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Hoffmann, R. A wiki for the life sciences where authorship matters. Nature Genetics (2008)

Differences of skin irritation between Japanese and European women.

BACKGROUND: After using cosmetics, Japanese women frequently complain about sensitive, stinging skin. We wondered whether Japanese women's skin is more sensitive than that of Caucasians. OBJECTIVES: To examine possible racial differences of skin irritation and subjective sensations. METHODS: We performed patch testing on the forearm with sodium lauryl sulphate (SLS) at different concentrations (0.25%, 0.5%) and 24-h exposure time. Skin reaction was evaluated by measurement of transepidermal water loss (TEWL), stratum corneum hydration, sebum secretion, laser Doppler flowmetry (LD), content of melanin and erythema. During a stinging test with 10% lactic acid (applied to one side of the cheeks) the subjects were asked to describe the present intensity of any sensation. We used a Chromameter to measure skin colour before and after application of lactic acid. This study was performed in Marburg, Germany, with healthy Japanese and German women living in Marburg. RESULTS: After SLS testing, we found no significant differences of the barrier function in the stratum corneum, but we found significant subjective sensory differences between Japanese and German women. CONCLUSIONS: Japanese women may complain about stronger sensations reflecting a different cultural behaviour rather than measurable differences in skin physiology; however, a faster penetration of SLS in Japanese cannot be excluded.[1]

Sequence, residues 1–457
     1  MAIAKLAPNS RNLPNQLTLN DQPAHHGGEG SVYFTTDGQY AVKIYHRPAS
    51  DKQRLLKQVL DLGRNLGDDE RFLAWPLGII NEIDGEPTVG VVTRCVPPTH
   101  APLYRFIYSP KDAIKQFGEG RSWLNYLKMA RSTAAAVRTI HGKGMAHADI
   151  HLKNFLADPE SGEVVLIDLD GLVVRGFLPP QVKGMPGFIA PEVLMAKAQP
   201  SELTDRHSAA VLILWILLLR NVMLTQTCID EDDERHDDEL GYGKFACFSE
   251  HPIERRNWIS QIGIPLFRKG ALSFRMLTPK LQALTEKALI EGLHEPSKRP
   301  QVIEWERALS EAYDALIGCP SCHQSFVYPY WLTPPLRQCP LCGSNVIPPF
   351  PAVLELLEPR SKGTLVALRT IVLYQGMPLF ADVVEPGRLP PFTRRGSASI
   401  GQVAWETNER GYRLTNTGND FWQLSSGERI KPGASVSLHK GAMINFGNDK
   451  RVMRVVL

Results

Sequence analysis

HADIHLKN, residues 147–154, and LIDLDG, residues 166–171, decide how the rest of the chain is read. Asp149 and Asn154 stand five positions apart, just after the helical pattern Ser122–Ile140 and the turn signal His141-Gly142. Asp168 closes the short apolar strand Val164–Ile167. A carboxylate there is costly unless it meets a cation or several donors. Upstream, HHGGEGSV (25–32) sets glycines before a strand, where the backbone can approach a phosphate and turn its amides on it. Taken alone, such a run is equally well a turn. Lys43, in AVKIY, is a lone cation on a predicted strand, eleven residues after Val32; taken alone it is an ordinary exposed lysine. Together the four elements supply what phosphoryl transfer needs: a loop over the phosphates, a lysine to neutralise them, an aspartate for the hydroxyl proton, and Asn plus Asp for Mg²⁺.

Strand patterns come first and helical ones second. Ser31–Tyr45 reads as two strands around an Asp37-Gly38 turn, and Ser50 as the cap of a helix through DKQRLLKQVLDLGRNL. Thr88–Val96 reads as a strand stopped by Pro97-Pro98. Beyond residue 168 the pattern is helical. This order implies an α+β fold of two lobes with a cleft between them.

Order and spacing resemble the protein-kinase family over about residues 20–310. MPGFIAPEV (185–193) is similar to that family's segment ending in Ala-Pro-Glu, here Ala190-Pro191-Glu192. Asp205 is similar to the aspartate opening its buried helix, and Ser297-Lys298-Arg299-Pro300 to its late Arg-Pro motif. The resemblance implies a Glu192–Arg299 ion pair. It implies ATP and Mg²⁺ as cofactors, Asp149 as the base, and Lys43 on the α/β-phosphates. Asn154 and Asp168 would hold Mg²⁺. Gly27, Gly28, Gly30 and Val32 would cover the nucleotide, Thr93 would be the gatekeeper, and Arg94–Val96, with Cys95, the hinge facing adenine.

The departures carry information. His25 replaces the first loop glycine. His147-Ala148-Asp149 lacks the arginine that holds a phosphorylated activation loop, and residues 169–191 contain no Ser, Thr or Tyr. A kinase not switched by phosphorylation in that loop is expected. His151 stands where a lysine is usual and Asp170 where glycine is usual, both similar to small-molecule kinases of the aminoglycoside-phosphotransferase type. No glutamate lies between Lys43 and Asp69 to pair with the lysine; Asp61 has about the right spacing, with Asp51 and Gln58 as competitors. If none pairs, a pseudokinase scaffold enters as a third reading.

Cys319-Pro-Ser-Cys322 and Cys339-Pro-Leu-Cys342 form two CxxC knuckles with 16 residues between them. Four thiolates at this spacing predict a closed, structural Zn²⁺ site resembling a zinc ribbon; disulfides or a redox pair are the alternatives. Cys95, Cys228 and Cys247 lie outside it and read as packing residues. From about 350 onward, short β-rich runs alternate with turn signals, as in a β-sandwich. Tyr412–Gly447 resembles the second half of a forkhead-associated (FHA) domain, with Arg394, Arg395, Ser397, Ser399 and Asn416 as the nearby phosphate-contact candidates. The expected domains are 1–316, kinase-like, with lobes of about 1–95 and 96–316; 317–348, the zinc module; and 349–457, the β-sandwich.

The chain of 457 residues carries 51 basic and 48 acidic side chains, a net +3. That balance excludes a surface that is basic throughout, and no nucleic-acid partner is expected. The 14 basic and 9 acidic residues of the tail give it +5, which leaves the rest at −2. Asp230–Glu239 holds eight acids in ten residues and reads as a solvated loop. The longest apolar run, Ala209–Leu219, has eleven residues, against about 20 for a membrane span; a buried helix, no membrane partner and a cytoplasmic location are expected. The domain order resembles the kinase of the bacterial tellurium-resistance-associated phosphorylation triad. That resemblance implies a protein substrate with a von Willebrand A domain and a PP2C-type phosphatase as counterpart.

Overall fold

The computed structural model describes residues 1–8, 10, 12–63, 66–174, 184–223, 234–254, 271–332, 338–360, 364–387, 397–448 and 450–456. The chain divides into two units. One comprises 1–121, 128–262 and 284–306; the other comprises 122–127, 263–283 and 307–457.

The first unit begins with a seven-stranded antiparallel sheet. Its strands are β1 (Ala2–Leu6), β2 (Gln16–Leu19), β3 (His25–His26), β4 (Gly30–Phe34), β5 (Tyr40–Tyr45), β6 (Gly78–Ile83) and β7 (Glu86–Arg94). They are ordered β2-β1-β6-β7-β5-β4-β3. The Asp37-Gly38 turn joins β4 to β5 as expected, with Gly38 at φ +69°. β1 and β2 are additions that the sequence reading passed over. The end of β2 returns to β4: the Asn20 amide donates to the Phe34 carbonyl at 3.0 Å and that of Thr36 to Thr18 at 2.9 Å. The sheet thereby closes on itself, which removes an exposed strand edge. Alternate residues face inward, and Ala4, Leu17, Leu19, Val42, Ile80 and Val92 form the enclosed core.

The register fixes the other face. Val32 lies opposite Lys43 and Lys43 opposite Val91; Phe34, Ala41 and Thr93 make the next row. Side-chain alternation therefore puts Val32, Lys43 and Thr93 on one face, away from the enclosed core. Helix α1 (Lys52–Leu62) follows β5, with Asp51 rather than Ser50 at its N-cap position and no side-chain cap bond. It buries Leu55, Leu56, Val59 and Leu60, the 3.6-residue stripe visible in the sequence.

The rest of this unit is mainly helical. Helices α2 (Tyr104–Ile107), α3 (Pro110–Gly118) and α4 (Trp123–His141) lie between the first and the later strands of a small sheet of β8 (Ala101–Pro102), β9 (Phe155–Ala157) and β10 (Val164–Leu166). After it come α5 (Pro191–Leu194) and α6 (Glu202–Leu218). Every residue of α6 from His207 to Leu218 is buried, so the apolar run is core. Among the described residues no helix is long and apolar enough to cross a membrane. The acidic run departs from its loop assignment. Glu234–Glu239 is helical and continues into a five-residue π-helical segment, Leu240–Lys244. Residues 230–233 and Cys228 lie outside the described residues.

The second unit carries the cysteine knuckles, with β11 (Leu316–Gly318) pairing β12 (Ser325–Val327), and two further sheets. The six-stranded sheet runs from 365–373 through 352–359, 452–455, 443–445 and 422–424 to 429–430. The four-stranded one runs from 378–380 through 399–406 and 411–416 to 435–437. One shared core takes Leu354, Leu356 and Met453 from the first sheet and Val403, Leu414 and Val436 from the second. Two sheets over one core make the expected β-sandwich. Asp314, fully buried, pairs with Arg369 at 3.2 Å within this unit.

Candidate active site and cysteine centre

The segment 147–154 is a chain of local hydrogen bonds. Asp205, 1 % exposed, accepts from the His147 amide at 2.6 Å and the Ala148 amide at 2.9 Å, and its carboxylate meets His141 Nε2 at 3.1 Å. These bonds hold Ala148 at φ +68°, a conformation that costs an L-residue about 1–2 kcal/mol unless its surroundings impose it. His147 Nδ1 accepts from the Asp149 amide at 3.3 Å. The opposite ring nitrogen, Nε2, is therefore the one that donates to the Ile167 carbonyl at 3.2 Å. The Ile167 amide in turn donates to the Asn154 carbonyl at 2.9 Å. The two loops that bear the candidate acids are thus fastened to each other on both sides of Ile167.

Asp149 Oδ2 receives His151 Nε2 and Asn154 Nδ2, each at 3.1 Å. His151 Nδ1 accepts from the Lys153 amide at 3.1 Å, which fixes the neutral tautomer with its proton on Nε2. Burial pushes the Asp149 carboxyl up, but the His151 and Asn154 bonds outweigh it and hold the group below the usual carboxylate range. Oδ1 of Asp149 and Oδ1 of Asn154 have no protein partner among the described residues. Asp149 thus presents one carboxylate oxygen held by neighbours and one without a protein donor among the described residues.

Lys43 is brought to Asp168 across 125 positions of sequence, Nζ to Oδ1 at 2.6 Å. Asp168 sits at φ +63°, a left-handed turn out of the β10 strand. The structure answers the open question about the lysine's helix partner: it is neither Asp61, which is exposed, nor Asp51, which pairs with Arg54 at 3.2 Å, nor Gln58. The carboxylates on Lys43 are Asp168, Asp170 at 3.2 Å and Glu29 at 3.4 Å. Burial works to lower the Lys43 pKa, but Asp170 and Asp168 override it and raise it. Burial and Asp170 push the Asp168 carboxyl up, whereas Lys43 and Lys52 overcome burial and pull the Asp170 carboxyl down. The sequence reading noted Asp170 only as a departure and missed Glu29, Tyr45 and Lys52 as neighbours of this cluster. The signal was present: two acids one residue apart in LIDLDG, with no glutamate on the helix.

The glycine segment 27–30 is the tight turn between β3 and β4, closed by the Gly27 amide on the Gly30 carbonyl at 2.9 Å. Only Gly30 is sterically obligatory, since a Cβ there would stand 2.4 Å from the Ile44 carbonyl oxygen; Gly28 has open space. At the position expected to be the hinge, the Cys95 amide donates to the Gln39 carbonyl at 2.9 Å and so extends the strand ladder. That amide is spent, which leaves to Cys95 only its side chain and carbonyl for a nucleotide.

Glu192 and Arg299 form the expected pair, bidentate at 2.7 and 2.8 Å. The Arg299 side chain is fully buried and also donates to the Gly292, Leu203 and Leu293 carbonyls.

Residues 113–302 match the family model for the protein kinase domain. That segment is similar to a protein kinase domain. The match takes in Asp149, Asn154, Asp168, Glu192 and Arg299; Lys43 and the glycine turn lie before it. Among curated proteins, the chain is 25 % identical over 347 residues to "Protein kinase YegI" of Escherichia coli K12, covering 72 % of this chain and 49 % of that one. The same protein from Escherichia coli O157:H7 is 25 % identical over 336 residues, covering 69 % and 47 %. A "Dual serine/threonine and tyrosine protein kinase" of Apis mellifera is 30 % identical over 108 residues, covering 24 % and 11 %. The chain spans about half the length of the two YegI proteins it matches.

1. Differences of skin irritation between Japanese and European women. Aramaki, J., Kawana, S., Effendy, I., Happle, R., Löffler, H. Br. J. Dermatol. (2002) [Pubmed]
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